Finance Finance News Banking Westpac first-half cash profit drops to $3.1b

Westpac first-half cash profit drops to $3.1b

Westpac's profit for the past six months has fallen

10 News First – Disclaimer

Twitter Facebook Reddit Pinterest Email

Westpac has posted a 12 per cent drop in first-half cash earnings to $3.1 billion, on the back of competitive pressures in the home loan market and increased provisions for bad debts.

Australia’s second-biggest bank by market value said statutory net profit for the six months to March 31 also dipped 5 per cent from a year ago to $3.28 billion.

Revenue for the half-year was down 4 per cent at $10.23 billion.

Westpac chief executive Peter King on Monday attributed lower earnings “mostly due to competitive pressures on net interest margins and returning to an impairment charge after having benefits last year.”

Still, asset quality has improved and most credit quality metrics are back to pre-COVID levels, he said.

The lender has, however, increased provisions to account for supply chain issues, inflation, expectations of higher interest rates and recent floods.

Westpac said its cost reset program helped offset the decline in revenue and increase in impairments, with costs down 10 per cent from the same period a year ago.

Unlike big four rivals ANZ and NAB, Westpac is also sticking to its $8 billion cost reduction target by fiscal 2024.

Earnings in its key consumer division, which includes the mortgages business, slid 15 per cent from a year earlier. Margins were down 25 basis points amid stiff competition in the home loan market and a low-rate environment.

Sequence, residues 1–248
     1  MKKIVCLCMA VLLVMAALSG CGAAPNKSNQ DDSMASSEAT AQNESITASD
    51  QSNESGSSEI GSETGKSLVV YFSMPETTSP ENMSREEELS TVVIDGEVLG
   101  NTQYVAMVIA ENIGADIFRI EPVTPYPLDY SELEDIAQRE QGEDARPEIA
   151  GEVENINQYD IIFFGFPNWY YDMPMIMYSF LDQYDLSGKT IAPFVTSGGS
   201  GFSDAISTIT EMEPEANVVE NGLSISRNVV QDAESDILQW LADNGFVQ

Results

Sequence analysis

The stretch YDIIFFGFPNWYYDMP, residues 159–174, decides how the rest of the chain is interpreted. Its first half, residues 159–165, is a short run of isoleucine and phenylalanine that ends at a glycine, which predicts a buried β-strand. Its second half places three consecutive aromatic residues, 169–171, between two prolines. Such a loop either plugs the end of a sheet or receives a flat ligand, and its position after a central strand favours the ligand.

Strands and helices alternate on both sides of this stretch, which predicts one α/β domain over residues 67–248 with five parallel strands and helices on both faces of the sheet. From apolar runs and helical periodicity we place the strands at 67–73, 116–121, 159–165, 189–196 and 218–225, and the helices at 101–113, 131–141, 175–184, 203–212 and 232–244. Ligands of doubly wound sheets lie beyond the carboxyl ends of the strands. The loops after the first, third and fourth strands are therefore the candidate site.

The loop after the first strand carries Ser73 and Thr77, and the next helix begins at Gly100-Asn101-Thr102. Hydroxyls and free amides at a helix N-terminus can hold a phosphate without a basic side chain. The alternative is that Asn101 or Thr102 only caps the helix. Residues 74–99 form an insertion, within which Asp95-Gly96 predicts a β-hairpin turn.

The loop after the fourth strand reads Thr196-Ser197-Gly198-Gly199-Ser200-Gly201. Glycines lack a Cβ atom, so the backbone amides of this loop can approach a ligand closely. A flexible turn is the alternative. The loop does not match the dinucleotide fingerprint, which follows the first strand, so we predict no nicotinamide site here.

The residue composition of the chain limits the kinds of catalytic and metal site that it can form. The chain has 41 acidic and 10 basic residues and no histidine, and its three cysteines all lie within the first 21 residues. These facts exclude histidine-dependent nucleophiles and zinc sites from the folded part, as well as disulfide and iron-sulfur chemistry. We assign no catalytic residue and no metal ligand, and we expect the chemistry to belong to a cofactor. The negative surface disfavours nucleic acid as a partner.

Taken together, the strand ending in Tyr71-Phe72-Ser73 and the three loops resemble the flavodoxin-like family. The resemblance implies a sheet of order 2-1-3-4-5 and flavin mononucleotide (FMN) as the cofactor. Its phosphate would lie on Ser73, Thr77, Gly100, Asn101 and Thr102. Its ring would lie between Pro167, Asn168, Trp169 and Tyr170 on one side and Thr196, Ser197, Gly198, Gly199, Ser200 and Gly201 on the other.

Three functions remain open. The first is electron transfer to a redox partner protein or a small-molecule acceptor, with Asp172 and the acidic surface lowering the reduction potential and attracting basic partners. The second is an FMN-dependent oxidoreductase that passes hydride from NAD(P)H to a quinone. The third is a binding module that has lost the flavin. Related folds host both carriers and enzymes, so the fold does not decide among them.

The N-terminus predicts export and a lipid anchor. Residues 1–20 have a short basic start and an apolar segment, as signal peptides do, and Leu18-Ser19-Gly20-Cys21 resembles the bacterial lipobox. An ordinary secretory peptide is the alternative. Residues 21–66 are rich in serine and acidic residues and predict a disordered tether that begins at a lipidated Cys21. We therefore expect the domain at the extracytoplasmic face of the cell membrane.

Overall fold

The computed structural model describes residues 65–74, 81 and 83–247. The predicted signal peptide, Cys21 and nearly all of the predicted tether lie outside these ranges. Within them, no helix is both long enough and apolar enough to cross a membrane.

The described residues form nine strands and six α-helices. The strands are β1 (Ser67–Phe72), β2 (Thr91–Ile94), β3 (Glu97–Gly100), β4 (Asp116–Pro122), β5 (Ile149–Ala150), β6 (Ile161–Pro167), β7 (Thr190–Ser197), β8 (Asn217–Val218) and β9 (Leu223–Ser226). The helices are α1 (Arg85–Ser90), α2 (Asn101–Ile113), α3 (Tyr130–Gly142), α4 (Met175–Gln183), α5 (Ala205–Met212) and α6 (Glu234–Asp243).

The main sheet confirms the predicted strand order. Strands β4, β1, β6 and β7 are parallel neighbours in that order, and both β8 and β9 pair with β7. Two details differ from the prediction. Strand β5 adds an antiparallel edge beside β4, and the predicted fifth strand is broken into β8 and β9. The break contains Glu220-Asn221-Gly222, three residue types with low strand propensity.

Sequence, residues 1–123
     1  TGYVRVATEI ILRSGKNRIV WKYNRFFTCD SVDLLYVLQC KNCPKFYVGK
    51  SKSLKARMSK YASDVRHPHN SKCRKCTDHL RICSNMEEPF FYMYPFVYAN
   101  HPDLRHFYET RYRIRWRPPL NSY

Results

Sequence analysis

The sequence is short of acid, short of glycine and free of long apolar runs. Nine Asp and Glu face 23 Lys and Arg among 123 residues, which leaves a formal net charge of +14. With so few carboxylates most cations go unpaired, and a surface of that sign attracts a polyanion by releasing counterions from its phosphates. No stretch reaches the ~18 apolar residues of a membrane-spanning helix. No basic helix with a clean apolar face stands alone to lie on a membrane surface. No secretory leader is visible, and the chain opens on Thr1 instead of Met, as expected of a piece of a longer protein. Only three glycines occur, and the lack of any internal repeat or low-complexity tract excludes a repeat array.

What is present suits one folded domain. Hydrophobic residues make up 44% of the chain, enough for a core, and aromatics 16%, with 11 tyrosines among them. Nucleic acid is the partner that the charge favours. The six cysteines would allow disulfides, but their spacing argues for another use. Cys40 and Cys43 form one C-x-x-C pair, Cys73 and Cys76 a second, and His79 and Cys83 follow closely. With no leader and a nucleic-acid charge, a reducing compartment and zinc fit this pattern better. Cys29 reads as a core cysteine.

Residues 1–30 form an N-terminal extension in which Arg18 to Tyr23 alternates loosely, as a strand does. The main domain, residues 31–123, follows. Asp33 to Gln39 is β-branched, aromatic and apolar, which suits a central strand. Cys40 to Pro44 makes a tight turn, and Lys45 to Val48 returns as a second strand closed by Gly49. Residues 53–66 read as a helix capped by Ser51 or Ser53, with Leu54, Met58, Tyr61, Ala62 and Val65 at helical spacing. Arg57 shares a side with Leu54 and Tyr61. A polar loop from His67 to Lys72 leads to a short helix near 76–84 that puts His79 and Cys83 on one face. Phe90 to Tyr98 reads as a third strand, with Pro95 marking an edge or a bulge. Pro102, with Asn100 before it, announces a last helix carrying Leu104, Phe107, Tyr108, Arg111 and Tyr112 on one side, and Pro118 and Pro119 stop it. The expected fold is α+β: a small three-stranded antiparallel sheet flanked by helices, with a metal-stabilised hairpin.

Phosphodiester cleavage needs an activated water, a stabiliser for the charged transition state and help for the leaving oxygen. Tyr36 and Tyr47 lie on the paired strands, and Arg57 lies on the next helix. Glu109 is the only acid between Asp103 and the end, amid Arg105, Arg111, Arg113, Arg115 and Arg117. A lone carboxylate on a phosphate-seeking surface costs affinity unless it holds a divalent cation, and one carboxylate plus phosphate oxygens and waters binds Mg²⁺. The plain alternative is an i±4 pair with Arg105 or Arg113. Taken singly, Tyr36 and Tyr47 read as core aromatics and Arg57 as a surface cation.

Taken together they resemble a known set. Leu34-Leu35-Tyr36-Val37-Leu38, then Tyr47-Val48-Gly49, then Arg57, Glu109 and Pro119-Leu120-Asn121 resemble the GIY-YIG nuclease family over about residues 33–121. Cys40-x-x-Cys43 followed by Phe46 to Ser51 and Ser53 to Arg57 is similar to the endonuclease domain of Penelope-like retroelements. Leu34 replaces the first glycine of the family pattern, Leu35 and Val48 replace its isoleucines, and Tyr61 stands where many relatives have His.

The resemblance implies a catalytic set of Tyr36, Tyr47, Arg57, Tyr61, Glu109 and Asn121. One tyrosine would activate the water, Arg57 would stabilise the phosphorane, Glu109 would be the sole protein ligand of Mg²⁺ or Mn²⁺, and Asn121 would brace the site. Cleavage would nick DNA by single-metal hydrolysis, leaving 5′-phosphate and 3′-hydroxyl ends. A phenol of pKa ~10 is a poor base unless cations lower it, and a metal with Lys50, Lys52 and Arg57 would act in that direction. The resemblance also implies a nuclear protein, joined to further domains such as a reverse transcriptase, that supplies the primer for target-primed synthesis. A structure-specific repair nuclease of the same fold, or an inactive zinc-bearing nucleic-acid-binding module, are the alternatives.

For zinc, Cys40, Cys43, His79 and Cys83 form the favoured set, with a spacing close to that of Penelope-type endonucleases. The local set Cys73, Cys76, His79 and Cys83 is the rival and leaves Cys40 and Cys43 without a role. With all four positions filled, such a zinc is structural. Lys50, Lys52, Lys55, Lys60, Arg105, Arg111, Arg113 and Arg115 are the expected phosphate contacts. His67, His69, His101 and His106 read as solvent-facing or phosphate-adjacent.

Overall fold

As a result, net interest margins that reflect the difference between what banks charge versus the cost of a loan, slid 22 basis points to 1.85 per cent.

Going forward, Westpac is forecasting the economy to expand by 4.5 per cent in 2022 but slow to 2.5 per cent in 2023. Credit growth is forecast to be a strong 5.7 per cent in 2022.

Demand for housing has already shown some signs of easing, and rising interest rates are expected to contribute to a moderation in house prices next year.

“Consumer spending may be tempered by higher prices and higher interest rates,” Mr King said.

“However, the positives of strong household and business balance sheets, combined with the continued reopening of international borders and local economies, will likely increase economic activity.”

Westpac will pay a fully franked interim dividend of 61 cents a share, up from the 60 cents a year ago.